The first time I heard that it was possible to have your own parade in New Orleans, I was doing research for a friend’s bachelor party. Let’s just say I reacted less like a 30-something guy and more like a 10-year-old girl — which is to say, very enthusiastically.
Organizing the parade was a challenge, and in true New Orleans fashion we had to cheat a little to get it approved. (Not to mention that it rained on us for the entire parade.) But at a total cost of under $1,000 for our party of six, I’m going to declare a French Quarter brass band parade to be a true bucket-list experience that anyone should consider for their own special event.
Let’s go over the logistics for the parade, step by step:
Fill out and mail the parade permit application
You’ll need to visit the New Orleans One Stop event site to determine what kind of permit to apply for. With an alphabet soup of supplement pages, this can be confusing to navigate, but if you answer the questions on the Master Application as we did, you should know what kind of parade you’re looking for. There are different categories for parades, like ones that sell products or require closing down a street, for example. Our parade was about the simplest kind possible — a second line parade, which is a local NOLA traditional bass band parade — so we only had to fill out a supplement for live music.
Our brass band leads the way as we boogie down the parade route. (Photo: Greg Keraghosian)
Here’s what almost cost us the parade before we even got to New Orleans: We blew our deadline. You’re required to mail your application 15 days before the parade date, and I gave myself a face-palm when I saw that we had just 12 days to go.
So, just between us, I mayyyyyybe backdated our application by a few days. But you didn’t hear that from me. The cost of the permit: $50.25.
Staying dry as we chatted up our escort before the parade. (Photo: Greg Keraghosian)
Arrange payment for a police escort
It wasn’t until the day before our flight that we got confirmation from the NOLA police that our escort was reserved. The typical cost for a parade is $100 per police officer, with the number of officers rising accordingly with the number of partiers. They gave us three officers for a party of six guys, which seemed like more protection than we needed. But when you consider that your party may grow rapidly as you strut your way down your parade route, at least you’ll know you’re covered. Total price for the police: $325.
Also of note: You’ll need to tell the police ahead of time where your beginning and end points will be. In our case, we began at the Bourbon Orleans Hotel and ended at the Bourbon House restaurant on Bourbon Street, half a mile away.
Hire a brass band
This isn’t mandatory, but why wouldn’t you have a brass band in New Orleans? If you’re not making a spectacle of yourself, you’re simply not trying here. This also took until the last minute to arrange because not only were we procrastinating, but we were also visiting during one of the city’s busiest events, the French Quarter Festival.
No umbrellas necessary for the band. (Photo: Greg Keraghosian)
With some negotiation, we were able to book a local band called Lagniappe for $400 for 30 minutes, and we tipped them an extra $80. You may have to pay more or less, depending on your timing and parade length.
That brought our costs to a grand total of $855.25 — divided six ways, that’s a way better deal than blowing all your money on hurricanes and gumbo (though truth be told, we had those in abundance, too). I spent an extra $10 on Oakland Raiders beads for our man of honor, Scott, who bleeds silver and black.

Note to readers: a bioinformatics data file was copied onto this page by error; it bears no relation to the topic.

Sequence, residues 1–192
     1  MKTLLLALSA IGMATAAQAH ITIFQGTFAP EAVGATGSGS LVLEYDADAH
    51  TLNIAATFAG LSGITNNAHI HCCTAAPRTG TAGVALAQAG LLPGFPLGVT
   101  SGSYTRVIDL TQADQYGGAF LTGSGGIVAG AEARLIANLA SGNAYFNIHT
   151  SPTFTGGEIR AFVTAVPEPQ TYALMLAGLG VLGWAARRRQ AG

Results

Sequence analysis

Commitment to excellence … and wearing beads. (Photo: Greg Keraghosian)
There was the added expense of having to buy umbrellas at the last minute — this being spring in New Orleans, the rain comes and goes, and it decided to arrive just as we took to the streets. But one man’s umbrella is another man’s parasol, and they were handy dancing props for those of us who didn’t want to get soaked.
Our police escort couldn’t have been friendlier, and we chatted them up as we waited for the band to arrive. When I asked one officer how tolerant they are of rowdier parties than ours, he said they can handle quite a lot: “The big parade parties usually show up loaded.”
What we lacked in raucousness we made up for in style: We agreed in advance to all wear suits. Again, you’ve got to go big in the Big Easy.
Some cheerleaders from above. (Photo: Greg Keraghosian)
Dusk was setting in as we approached Bourbon Street, and seeing the neon lights reflect off the slick pavement added a certain magic to the scene. As long as I didn’t slip and fall on my suit.
If the rain had any impact, it was on the size of our parade: We had visions of the entire French Quarter hitching onto the caboose of our party train as we boogied along our route to classic New Orleans songs. In reality, nobody wanted to get drenched with a bunch of badly dancing white guys no matter how well the band played, though we still threw beads at everyone who cheered us on from the sidelines.
Our destination in sight. (Photo: Greg Keraghosian)
But as we pulled up to our destination point and Lagniappe played “When the Saints Come Marching In,” we finally drew a crowd. And Scott actually danced a little, which he hasn’t done since the Raiders last made the playoffs. (That’s a long time ago.)
“I should walk to work like this every day,” Scott joked during our parade route. I can’t argue with that: I can still hear the band playing in my head now that I’m back, and the experience gave me a new appreciation of New Orleans’ spirit. Whether for a party or for fetching a carton of milk at the store, everything’s better when it’s a parade.